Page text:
The second group of works from an artist’s estate at the Chiswick sale comprised six lots by the versatile Canadian-British painter Hugh Cronyn (1905-96). They came to auction from the artist’s family.
Originally from Vancouver, he developed a strong connection to the Chiswick area and became a well-known local character.
He was immersed in the bohemian and artistic community he encountered on the Hammersmith-Chiswick borders by the river (not too far from the Chiswick saleroom).
He lived next-door to the Irish painter Nora McGuinness (1901- 80) – a painting of her smoking sold for £480 at this sale – before later becoming a tutor at Colchester School of Art in 1949 and moving to Suffolk.
The artist does not have much of a presence at auction today with the few works that have emerged tending to sell for below £500.
Offered here, though, was a painting with a famous subject: Winston Churchill’s funeral barge coming up to Festival Pier, an event the artist witnessed first-hand from the embankment on the north side of the Thames in January 1965.
The scene shows the vessel MV Havengore shortly after Churchill’s state funeral at St Paul’s Cathedral.
The 2ft 6in x 4ft 2in (76cm x 1.27m) oil on canvas was naive in style but, with the artist having served in the navy and being a huge admirer of the wartime prime minister, it was an attempt to convey the sobriety of an historic moment.
The estimate was £600-800 but it sold for £1100 to a UK private buyer, an auction record for Cronyn.
The price pipped the £950 bid for Cronyn’s portrait of his wife Jean from c.1948 that overshot a £400- 600 estimate at the Chiswick sale. However, the two Cronyn works that drew the most competition were both woodcuts estimated at just £80-120.
He learned the craft of wood engraving from another neighbour, the artist Gertrude Hermes, and the two examples here were both from 1939 and demonstrated his craftsmanship and ability to capture the atmosphere of his locality.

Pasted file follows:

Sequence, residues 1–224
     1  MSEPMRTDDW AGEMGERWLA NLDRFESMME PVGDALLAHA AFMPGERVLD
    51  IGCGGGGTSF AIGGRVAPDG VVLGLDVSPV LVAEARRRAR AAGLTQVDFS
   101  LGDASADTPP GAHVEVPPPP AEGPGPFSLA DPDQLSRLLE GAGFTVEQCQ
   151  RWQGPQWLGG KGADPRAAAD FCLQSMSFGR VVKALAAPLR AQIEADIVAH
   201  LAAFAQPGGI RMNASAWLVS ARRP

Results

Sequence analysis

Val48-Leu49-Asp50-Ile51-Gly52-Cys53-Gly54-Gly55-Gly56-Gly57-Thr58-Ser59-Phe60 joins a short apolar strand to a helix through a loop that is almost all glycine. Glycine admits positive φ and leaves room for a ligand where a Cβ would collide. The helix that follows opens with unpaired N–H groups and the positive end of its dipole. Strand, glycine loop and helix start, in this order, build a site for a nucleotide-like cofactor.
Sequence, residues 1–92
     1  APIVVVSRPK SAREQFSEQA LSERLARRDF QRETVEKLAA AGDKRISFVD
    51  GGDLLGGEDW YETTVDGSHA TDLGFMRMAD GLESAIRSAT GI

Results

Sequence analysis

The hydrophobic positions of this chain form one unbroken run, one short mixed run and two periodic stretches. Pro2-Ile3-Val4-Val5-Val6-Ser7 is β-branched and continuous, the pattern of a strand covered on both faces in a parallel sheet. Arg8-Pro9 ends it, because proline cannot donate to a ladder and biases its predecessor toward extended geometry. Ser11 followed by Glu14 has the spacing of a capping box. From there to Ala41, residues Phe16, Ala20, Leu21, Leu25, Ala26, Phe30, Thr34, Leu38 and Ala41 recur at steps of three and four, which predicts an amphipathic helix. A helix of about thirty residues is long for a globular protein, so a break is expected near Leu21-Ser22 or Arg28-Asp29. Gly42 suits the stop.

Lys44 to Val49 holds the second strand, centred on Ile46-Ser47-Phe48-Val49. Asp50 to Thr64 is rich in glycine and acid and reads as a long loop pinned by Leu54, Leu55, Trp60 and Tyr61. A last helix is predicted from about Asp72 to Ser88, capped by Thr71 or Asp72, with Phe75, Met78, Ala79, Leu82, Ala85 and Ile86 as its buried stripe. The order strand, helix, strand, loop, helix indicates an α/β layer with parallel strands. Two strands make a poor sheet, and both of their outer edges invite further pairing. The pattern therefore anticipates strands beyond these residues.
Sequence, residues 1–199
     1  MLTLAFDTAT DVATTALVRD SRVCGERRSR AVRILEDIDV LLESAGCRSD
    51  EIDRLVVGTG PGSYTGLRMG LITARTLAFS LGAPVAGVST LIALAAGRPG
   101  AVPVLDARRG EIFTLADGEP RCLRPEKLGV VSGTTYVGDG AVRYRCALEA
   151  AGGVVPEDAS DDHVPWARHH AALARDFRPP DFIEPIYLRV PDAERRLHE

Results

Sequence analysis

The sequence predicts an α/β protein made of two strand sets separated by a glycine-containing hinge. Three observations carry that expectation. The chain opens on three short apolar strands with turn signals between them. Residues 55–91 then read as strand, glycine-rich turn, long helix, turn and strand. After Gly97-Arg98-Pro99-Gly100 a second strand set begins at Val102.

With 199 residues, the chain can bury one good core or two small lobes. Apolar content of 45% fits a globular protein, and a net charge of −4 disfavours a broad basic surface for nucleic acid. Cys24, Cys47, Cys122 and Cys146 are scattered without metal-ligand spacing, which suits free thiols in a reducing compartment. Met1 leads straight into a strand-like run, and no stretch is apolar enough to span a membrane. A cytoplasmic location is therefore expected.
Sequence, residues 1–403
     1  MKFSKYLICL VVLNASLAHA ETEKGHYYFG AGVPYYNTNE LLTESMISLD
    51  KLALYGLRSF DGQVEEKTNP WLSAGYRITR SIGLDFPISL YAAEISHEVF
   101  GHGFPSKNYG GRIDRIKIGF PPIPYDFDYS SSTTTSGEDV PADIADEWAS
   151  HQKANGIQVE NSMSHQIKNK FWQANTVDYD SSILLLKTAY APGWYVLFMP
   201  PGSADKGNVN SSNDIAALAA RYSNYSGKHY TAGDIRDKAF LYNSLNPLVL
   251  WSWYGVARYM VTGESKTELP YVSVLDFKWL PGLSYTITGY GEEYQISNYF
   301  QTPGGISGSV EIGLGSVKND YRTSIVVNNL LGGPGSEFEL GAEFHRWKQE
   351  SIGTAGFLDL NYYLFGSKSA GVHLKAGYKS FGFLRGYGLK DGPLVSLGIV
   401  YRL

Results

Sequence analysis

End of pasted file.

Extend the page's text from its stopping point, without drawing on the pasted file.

To some minds, these were the most desirable of his works on offer and bidders duly responded.
One depicted Black Lion Lane – an area with a pub and community which had something of a village feel about it before the nearby A4 dual carriageway was later constructed. The novelist, humourist and politician AP Herbert would hold court at the Black Lion every Sunday and it was through such gatherings that Cronyn – who lived opposite the pub – met many artists and writers.
The woodcut depicted the pub itself and surrounding houses – including the artist’s own studio at number 9A – and the ‘Bell Steps’ at the end of Hammersmith Terrace beyond. Measuring 6 x 6¾in (15 x 18cm), the unframed sheet drew strong bidding and was knocked down at £950 to a UK private buyer.
The following lot was a woodcut titled The Black Lion Skittle Alley which depicted what Cronyn described in his unpublished memoirs as the local skittle alley where he played frequently. It measured 5½ x 7in (14 x 18cm) and sold for the same multi-estimate sum of £950 but to a different buyer.
Overall the six lots all sold and generated £4940. Chiswick Auctions’ head of sale Krassi Kuneva said it “proved that Cronyn’s work resonates with our clients and there is much desire for it”.
The top lot of the sale was for a vintage work by Mary Fedden (1915-2012). Pink roses was a relatively late work dating from 1997 but the 15½x 19¼in (39 x 49cm) signed oil on canvas was appealing in colour and composition, combining elements of still-life and landscape painting.
It came from a vendor who had acquired it from the artist and it had never been exhibited in public before, giving an ‘unseen’ factor and market freshness.
Estimated at £7000-10,000, it sold to the trade for £15,000 – a price that looked pretty strong for a work of this size.
Another Fedden painting by acquired by the same vendor from the artist and never exhibited before was South of France, a work from 1988 that provided a contrast to Pink roses in subject and tone.
The 2ft 5in x 23¼in (74 x 59cm) signed oil on canvas had a higher estimate of £10,000- 15,000 and sold within predictions for £13,500 to a UK private buyer on thesaleroom.com.
Kuneva said that in the three years since they were launched, these auctions have proved successful in achieving good results for already established artists but also in “building markets for artists with less or no previous exposure at auction”.
“The aim has been to showcase and celebrate the great variety of absolutely brilliant British artists and I think we can certainly say that it’s been working really well so far,” added Kuneva.
With the sale taking place with the country still in lockdown due to the coronavirus, the auction house reported that it had never had so much online bidding for a sale in this category.
Over 450 bidders registered online with absentee bids and phone lines also showing increased activity.
The final result was encouraging: 88% of the 162 lots sold for a total of over £200,000 (including premium) with some aftersales still pending.